Finance Director

According to PayScale, the median base salary for finance directors, including health care finance directors, was $115,000 as of March 2022. However, earners in the top 10th percentile earned more than $165,000. Similar to other health care executive positions, finance directors may receive additional compensation in the form of commissions, bonuses and profit sharing contributions.

Service Line Director

PayScale reports that the median base salary for service line directors, including those working in the health care industry, was $129,000 as of February 2022; top earners made more than $180,000. They may also receive quarterly or annual bonuses based on performance.

Chief Information Technology Officer

PayScale indicates that the median base salary for CITOs, including those working in health care, was $129,000 as of February 2022; those in the top 10th percentile earned more than $273,000. Additionally, CITOs may receive bonuses as part of their overall compensation package.

Factors That Influence Executive Health Care Administration Salary Ranges

Salary ranges for executive health care administrators can vary based on factors such as organization size and type and a professional’s experience level. For example, the BLS reports that the  median annual wage for medical and health services managers, including health care executives, working at government institutions was $117,000 as of May 2021, while individuals employed at nursing and residential care facilities reported a median annual wage of $83,550.

Salary ranges can also vary based on geographical region. The BLS reports that while May 2021 data indicates that the annual median wage for health care executives in Florida was $107,850, the annual median wage in the state of New York was $155,430.

What Employers Look for in a Health Care Executive Resume

Health care executives are strategic leaders with well-defined, actionable goals for their departments. They must be mentally agile; able to see problems from all angles; and develop comprehensive, 360-degree solutions. Employers require health care executive applicants to have extensive knowledge and experience in their respective fields.

  • Attention to detail: Health care executives must be detail oriented and able to analyze budgets, provide departmental forecasting and manage multiple responsibilities.
  • Leadership: CITOs, CNOs and other health care executives shape, direct and lead their respective departments. Strong leaders who can motivate staff and bring out their team’s abilities are most likely to succeed.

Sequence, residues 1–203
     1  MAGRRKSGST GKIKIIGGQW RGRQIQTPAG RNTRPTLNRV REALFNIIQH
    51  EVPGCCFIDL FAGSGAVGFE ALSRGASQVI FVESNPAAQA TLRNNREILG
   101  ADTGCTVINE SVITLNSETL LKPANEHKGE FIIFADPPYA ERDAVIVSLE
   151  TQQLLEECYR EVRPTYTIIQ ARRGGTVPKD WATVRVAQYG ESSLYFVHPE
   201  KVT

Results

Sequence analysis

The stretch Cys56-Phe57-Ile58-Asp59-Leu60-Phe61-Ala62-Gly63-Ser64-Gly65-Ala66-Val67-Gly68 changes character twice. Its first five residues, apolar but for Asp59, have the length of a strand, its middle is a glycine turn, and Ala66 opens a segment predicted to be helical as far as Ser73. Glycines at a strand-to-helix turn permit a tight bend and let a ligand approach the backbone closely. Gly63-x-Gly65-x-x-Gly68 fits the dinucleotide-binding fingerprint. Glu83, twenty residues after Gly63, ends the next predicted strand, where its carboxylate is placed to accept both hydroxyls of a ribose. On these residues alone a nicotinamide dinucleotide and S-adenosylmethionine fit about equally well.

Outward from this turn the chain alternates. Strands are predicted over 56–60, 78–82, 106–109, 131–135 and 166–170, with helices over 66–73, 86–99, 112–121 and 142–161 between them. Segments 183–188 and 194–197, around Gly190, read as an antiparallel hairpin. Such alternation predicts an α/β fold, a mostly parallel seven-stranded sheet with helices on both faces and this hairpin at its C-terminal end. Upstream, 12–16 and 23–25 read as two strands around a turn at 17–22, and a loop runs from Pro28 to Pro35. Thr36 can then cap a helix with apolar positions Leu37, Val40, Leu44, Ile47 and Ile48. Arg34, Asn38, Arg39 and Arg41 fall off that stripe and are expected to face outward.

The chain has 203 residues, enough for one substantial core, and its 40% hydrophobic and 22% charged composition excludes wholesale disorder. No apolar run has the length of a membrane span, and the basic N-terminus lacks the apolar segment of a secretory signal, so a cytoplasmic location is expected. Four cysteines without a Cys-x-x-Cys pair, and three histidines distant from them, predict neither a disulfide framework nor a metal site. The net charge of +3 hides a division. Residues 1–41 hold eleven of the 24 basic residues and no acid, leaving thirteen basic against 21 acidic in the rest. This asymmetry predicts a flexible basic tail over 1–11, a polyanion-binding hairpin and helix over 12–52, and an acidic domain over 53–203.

• Organization: Individuals with strong organizational skills understand how to prioritize tasks, maximize productivity and delegate tasks to team members. Well-organized professionals are able to use their time and resources both effectively and efficiently.
  • Time management: Time management and organization often go hand-in-hand. Health care executives oversee numerous tasks and projects at any given time. Strong time management skills help professionals set and prioritize day-to-day responsibilities.
  • Analysis: Health care executives must pay close attention to how changes in regulations, policies, guidelines and laws may impact their departments. Strong analytical skills are required to collect data, conceptualize solutions and use various information to make effective decisions.
  • Problem-solving: Executives in health care must be able to act decisively. Problem-solving skills help professionals identify the most appropriate course of action.
  • Communication: Health care administrators should be able to communicate effectively with their staff, managers, C-level executives and boards of directors. Fine-tuned written and verbal communication skills are crucial for individuals interested in pursuing executive roles.

Become a Health Care Executive and Shape the Future of Care

The BLS indicates that between now and 2030, factors such as baby boomers’ retirement and the growing number of Americans managing chronic health issues will drive employment in the health care sector Improvements in medical technologies, such as the expansion of telehealth, will also affect job growth. Demand for employees in group medical practice management and administration is projected to grow as group practices become larger and more complex.

The need for highly qualified health care executives who can apply their educational and professional backgrounds to run operations smoothly and efficiently is expected to remain strong in the face of these changes. The health care industry will continue to need top-level employees with the right combination of education, skills and experience to lead the field into the future.


Infographic Sources:

TheJobNetwork, “Why Healthcare Jobs Are On The Rise”

U.S. Bureau of Labor Statistics, Medical and Health Services Managers

Verywell Mind, “Reasons to Work in the Healthcare Field”